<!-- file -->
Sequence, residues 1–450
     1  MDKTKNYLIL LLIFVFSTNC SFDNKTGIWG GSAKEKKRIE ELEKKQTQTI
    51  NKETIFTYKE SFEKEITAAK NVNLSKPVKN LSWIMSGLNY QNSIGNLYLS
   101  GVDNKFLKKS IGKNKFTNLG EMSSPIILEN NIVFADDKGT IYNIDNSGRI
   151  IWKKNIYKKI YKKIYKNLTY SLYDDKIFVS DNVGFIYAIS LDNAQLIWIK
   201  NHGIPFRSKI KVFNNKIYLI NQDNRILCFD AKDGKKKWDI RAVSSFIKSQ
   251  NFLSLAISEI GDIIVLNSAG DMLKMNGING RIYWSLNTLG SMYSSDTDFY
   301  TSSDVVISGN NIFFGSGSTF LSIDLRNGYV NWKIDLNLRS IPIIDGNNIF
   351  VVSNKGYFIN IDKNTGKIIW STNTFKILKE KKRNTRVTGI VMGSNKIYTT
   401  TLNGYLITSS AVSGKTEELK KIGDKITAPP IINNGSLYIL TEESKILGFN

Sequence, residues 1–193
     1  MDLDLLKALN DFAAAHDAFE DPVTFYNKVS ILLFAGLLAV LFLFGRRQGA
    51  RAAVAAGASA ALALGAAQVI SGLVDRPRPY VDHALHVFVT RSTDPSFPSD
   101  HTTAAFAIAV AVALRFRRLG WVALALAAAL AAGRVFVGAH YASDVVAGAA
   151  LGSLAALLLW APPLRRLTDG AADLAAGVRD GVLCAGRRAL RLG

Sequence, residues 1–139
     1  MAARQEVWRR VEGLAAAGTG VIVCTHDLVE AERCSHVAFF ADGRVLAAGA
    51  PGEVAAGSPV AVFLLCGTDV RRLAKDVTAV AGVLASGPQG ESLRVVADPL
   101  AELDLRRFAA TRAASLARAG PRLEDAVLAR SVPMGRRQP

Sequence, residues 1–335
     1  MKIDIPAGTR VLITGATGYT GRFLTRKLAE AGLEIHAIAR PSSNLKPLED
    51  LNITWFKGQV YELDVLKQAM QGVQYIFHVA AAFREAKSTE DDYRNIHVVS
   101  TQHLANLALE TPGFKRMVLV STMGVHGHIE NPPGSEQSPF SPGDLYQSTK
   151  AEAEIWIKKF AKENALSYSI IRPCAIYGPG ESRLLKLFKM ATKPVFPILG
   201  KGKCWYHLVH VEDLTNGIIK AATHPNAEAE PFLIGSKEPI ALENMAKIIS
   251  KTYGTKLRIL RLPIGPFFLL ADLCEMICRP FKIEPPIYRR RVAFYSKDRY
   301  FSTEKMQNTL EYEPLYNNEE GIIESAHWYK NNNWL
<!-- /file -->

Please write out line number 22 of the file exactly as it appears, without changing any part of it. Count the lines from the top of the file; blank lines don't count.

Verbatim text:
    51  LNITWFKGQV YELDVLKQAM QGVQYIFHVA AAFREAKSTE DDYRNIHVVS